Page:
Proof-of-work has “validators” known as “miners” who dedicate a vast amount of computing power to discover new blocks — that is usually a 10 minutes process.
When a new block is discovered, the miner who found it gets to fill it with 1 megabyte’s worth of validated transactions. Then a new block is attached to the chain, and everyone’s copy of the ledger is updated to show the new data. The miner keeps any fees for the transactions they add to the blockchain, and they’re given an amount of freshly minted bitcoin. It’s called a “block reward.”
All people using the Bitcoin network have to pay a fee each time they make a transaction. Why? The aim is to reward miners that have to pay for their own electricity and maintenance costs when running their equipment for the whole day to validate the bitcoin network. That’s the reason why miners first choose the transactions with the highest fees to make the most money possible when they fill and add new blocks.
Where can you check the average fees? There is the Bitcoin mempool, in which a person can be likened to a waiting room with unconfirmed transactions.
What is a bitcoin wallet?
A bitcoin wallet doesn’t store coins in a wallet. Instead, the wallet protects the cryptographic keys that prove the ownership of a definite amount of bitcoin on the Bitcoin network.
Bitcoin operates on a system called public-key cryptography (PKC) used on blockchains to protect transactions. The system allows only people with the appropriate set of keys to access their coins.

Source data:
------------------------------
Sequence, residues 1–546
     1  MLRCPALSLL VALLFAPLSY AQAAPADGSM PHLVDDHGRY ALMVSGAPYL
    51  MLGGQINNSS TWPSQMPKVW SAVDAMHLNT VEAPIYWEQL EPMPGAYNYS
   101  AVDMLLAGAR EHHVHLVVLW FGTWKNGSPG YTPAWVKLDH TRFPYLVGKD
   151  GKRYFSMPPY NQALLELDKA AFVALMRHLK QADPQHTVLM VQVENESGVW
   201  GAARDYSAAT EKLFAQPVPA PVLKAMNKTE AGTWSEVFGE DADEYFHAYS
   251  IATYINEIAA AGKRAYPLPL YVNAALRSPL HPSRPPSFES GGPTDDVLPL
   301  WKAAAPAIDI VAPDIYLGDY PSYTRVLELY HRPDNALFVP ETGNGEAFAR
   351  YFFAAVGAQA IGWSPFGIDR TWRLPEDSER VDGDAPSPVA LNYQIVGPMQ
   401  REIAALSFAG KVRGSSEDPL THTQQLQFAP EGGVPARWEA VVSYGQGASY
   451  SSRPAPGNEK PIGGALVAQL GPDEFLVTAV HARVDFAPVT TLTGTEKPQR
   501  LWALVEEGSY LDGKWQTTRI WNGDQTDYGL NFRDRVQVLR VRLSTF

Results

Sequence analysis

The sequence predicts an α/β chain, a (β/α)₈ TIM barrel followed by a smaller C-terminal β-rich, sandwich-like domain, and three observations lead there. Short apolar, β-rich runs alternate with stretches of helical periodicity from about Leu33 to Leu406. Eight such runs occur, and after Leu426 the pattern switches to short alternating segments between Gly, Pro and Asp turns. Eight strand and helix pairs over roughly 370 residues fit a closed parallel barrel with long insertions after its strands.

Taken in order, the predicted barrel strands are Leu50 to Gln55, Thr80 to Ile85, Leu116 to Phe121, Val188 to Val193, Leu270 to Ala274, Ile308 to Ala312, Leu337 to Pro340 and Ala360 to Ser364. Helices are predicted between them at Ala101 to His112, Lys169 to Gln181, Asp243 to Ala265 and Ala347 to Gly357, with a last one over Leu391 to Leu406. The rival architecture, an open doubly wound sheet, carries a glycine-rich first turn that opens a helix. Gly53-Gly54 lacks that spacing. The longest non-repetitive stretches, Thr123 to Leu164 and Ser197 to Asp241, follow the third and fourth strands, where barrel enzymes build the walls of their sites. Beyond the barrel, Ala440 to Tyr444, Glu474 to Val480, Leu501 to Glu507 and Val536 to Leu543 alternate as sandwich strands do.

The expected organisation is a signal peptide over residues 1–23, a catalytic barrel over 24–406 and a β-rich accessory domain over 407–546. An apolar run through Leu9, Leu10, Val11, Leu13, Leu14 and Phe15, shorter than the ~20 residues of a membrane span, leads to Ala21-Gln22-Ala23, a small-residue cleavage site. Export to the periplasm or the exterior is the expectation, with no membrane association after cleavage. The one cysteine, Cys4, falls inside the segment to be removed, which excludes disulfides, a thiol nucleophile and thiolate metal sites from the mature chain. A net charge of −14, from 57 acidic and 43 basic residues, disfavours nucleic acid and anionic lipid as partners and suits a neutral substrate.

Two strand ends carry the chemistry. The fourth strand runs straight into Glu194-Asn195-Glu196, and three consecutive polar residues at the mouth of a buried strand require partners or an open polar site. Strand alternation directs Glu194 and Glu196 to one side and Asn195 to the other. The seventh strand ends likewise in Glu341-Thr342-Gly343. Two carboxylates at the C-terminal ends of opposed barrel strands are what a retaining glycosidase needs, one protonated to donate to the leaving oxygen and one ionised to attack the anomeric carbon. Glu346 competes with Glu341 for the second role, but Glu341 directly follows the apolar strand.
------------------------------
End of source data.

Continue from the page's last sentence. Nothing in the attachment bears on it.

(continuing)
There are two sorts of keys that are needed to own and make bitcoin transactions: A private key and a public key. Both types are strings of randomly generated symbols used to encrypt and decrypt transactions. On the bitcoin network, PKC applies mathematical functions that are easy to solve in one way and almost impossible to do it backward.
The Bitcoin blockchain uses the one-way mathematical algorithm to generate a public key from the private key. That's impossible to regenerate the private key from the public key, so it's better not lose or forget the keys. A person also will get a public address, which is a shorter form of a person’s public key.
To make transactions, a person is required to use their private and public keys. Also, you have to add the public address of the receiver. Only that person who has the right private key can unlock or claim the transferred bitcoin.
There are different types of crypto wallets — hot, cold, online/web, paper, mobile, and desktop. Please, read our guide on wallets to go deeper into the topic.
Can bitcoin be converted to cash?
Yes, bitcoin (BTC) acts just like any asset, so it can be exchanged. There are different cryptocurrency exchanges online like Binance.US, Coinbase, Kraken, Gemini, and alike where people can do this. The exchange takes a fee for the transaction, and it differs from one to another. You need to create an account that allows you to sell bitcoins and withdraw cash.
There is another way to cash out your bitcoins, it is a P2P exchange that could be sometimes faster and cheaper. Such platforms also allow you to stay anonymous. You can use a VPN to secure your connection and choose different payment methods: web money or gift vouchers.
So, you send your bitcoins, and the exchange holds the seller’s bitcoins. Then the seller confirms (or disputes) that you sent the money, and only after that, the exchange releases the bitcoin.
Bitcoin made it possible to be an independent person once we are talking about managing one’s money holdings — decentralized, digital, fast, anonymous, secure, and transparent. Thanks to Bitcoin, there appeared many other coins and tokens showing a new revolutionary way of digital economy; the whole system is developing and growing, getting better, and working on disadvantages the system can have. It’s a great step into the future that simply can’t be questioned.